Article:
Meet Dr Leigh Davidson, a New Zealand born veterinarian breaking down the barriers between vets and animal owners with Your Vet Online – Australia’s only online, on-demand, 24/7, 365 days of the year, veterinary advice service for pet and horse owners.
Leigh admits that growing up she was never attracted to following the herd and she knew from a young age that she wanted to look after animals and people.
“Growing up in New Zealand we were always close to a farm…I think that influenced me because when I was 3 years old I announced I was going to be a vet!”
She credits persistence as one of her strongest assets. At first go, she didn’t get into veterinary school (preferring parties and boys to study!). They told her she needed to stop partying and get serious so she worked hard at study, sat at the University intakes desk day in and day out (becoming that squeaky wheel that gets too loud) and eventually they let her into veterinary university.
Never one to follow in the footsteps of other people and preferring instead to do things differently – Leigh is what could be described as the entrepreneurial vet!
“I love helping people and animals. I’ve always been independent and I’ve always admired or looked up to people who cut their own path in life, doing things their way.”
Leigh started ‘Your Vet Online’ to break down the barriers between vets and animal owners and educate people to understand what is going on with their animals. She believes that owners have a responsibility to have an interest in preventive care and it’s what can keep pets from a hospital visit.
Leigh’s passion and knowledge about her industry is obvious and she believes that vets should be doing more for people, educating them, so that as a society we treat animals with the attention and care they deserve.
Throughout the years she learnt that people were reluctant because of the perceived cost to go to a vet, so she decided to make vets more accessible to people.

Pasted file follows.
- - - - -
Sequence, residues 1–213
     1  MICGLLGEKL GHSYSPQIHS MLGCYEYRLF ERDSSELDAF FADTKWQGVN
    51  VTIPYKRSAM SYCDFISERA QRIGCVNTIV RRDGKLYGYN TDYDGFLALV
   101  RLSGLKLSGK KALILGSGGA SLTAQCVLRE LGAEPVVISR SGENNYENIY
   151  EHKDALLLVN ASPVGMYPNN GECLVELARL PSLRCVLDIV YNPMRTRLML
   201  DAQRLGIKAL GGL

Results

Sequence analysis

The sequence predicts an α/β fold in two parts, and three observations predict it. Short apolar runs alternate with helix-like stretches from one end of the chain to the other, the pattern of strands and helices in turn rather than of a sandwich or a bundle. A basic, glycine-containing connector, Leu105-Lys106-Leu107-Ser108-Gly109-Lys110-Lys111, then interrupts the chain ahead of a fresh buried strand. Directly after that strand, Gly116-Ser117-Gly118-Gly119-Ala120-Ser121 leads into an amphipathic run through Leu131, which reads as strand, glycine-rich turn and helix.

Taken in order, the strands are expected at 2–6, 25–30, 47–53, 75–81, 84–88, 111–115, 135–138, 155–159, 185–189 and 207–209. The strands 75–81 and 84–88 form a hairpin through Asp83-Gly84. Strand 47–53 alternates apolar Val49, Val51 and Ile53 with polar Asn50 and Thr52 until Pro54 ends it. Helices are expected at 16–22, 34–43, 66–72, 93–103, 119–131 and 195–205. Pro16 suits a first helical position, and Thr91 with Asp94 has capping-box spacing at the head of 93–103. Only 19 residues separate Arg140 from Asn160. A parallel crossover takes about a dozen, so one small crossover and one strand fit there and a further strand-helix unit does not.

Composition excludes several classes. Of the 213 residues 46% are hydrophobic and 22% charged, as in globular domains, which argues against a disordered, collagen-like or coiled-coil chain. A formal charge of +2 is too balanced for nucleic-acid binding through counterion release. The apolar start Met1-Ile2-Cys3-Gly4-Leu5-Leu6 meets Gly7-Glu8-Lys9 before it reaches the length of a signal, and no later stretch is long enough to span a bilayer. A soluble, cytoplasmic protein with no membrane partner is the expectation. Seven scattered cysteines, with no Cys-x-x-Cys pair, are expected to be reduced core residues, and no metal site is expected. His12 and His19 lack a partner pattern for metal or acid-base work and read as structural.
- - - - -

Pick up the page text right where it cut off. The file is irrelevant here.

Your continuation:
In her view, using Dr Google and Facebook Forums as a source of advice for prevention and treatment is not an acceptable source or solution and it can create confusion amongst animal owners (as they don’t end up seeking professional help until it’s too late).
“Dr Google is a gamble because you don’t really know who is on the other end, the advice isn’t specific to your situation, and if people place too much trust in the wrong information that’s when things can go wrong.”
Leigh’s advice is to always talk to a qualified vet who can give you the right advice and money shouldn’t be an impediment to an animal’s health and wellness.
“I’ve created a “go to” place for people caring for animals where they can ask any question, whether it’s husbandry related, nutrition, preventative care or a behaviour issue – any question can be asked and our team of vets will give a qualified answer.”
She credits her biggest challenge as technology as it can be non-transparent and it’s hard to find genuine people in the tech space to help.
Leigh believes understanding that “not everything is about you” is the greatest lesson we can learn. And that compassion plays a huge role in what she does every day in business and life.
Leigh believes that compassion is the key to unlocking human understanding and empathy and it’s what we need more of in the world today.
For some part this is another motivation as her profession attracts high rates of suicide, especially for vets working in remote locations or alone.
Leigh moderates two large veterinary Facebook Groups whose aim is to bond vets, offer support and be a safe place for veterinarians to discuss personal feelings about work and life.
“I like to think that in a small way I’m helping fellow vets to see the value in living. I hope that by sharing compassion and empathy I can help others to become more compassionate and empathetic…particularly towards each other. It’s a tough profession…it’s the least I can do.”
If you are a vet and would like to join Leigh’s veterinary group you can find her at yourvetonline.com
Leigh’s favourite quote: “Great spirits have always encountered violent opposition from mediocre minds” – Albert Einstein
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